The food delivery space is crowded and growing — and that is leading to calls for mergers or consolidation in the coming decade. It’s not clear who will survive in this space in the coming few years, but patterns are emerging, and food delivery is getting much more interesting.
As the year winds down — and people are more tempted to order food delivery thanks to bad weather or the simple desire to relax during the holiday season — questions about what’s next for the crowded food delivery space are increasing. There is talk about mergers and consolidation even as the world of restaurant delivery platforms keeps expanding.
Take just one bit of recent news, this one about GrubHub. In November, Barclays has raised its investment opinion of Grubhub, positing that a few key moves could significantly change the future outlook of the company, according to a report by Bloomberg. Analyst Deepak Mathivanan said the “irrational competitive landscape” throughout the food delivery marketplace and Grubhub leaders’ “ill-timed strategic investments, and poor execution” made the stock lose three-quarters of its value to reach the lowest point in two years. Mathivanan urged the company’s board of directors to consider some changes, and upgraded the rating “on the hope of swift execution.”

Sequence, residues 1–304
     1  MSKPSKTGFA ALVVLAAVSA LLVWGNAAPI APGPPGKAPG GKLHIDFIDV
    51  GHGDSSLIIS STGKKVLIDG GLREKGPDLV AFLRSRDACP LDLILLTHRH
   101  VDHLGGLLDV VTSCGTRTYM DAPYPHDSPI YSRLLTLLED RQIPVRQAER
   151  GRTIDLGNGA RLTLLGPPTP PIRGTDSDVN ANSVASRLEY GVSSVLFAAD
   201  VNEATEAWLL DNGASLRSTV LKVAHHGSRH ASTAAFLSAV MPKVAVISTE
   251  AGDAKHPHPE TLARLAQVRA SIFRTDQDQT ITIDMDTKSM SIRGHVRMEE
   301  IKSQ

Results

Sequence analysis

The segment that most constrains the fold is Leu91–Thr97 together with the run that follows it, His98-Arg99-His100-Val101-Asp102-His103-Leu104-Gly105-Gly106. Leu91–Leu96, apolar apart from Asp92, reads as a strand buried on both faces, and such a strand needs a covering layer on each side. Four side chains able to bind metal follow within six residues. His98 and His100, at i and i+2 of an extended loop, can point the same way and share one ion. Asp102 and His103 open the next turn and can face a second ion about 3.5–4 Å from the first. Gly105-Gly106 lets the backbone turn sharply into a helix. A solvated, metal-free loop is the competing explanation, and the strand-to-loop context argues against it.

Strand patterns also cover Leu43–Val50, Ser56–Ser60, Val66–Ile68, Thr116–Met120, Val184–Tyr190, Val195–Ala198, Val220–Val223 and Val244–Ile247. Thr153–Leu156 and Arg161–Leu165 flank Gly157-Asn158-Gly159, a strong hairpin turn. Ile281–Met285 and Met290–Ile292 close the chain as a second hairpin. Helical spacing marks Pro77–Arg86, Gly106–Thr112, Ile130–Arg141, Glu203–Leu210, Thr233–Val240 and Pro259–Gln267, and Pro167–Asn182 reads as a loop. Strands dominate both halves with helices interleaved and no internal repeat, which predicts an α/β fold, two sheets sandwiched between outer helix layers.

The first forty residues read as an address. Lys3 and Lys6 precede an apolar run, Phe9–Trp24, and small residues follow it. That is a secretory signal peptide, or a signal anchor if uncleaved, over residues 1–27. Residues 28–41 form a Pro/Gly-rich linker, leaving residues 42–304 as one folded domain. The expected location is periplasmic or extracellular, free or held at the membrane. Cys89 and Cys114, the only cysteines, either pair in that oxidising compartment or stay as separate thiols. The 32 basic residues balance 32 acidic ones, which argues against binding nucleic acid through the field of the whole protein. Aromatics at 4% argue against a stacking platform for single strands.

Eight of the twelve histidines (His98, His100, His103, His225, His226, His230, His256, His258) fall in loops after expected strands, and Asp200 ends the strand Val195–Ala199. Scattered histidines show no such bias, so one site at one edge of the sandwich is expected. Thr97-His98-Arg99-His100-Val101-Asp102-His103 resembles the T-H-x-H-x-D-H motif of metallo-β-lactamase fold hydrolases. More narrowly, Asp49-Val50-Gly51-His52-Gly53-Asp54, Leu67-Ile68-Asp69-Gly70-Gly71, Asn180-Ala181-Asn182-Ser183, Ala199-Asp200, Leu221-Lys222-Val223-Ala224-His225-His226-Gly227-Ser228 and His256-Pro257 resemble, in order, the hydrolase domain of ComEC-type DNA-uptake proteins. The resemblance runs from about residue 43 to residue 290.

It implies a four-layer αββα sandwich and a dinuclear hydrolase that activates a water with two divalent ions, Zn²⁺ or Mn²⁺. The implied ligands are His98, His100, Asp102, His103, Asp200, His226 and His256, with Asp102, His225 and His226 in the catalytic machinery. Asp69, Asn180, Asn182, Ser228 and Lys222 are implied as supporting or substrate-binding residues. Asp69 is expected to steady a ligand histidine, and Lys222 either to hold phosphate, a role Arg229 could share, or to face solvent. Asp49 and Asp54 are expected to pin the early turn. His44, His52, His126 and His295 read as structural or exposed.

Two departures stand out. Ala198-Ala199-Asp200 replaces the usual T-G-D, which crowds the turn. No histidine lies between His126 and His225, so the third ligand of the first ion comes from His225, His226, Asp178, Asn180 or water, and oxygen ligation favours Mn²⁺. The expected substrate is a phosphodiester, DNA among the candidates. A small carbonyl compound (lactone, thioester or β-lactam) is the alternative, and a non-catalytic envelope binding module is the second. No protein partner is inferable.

He asked that Grubhub “reduce investments on unproven areas.” He said there hadn’t been much result from the company’s $100 million in marketing investment over the last year, and that Grubhub’s plans to spend $150 million on “other unproven strategies” won’t help. Another suggestion is to explore a merger with another leading food delivery company, which could result in “meaningful synergies.”
Concerns about synergies and merges are not the only significant trends in this space as the last month of the decade begins. So-called cloud kitchens are also having a moment. A group of former Uber employees has started a cloud kitchen business to rival that of former Uber CEO Travis Kalanick, who made the news recently with his similar business CloudKitchens, according to reports.
The startup, located in Oakland, California, aims to facilitate food deliveries for nearby restaurants that receive high volumes of orders from delivery companies like Uber Eats. The company, called Virtual Kitchen Co., recently announced a $15 million investment from notable names like Andreessen Horowitz, Base10 Partners and others.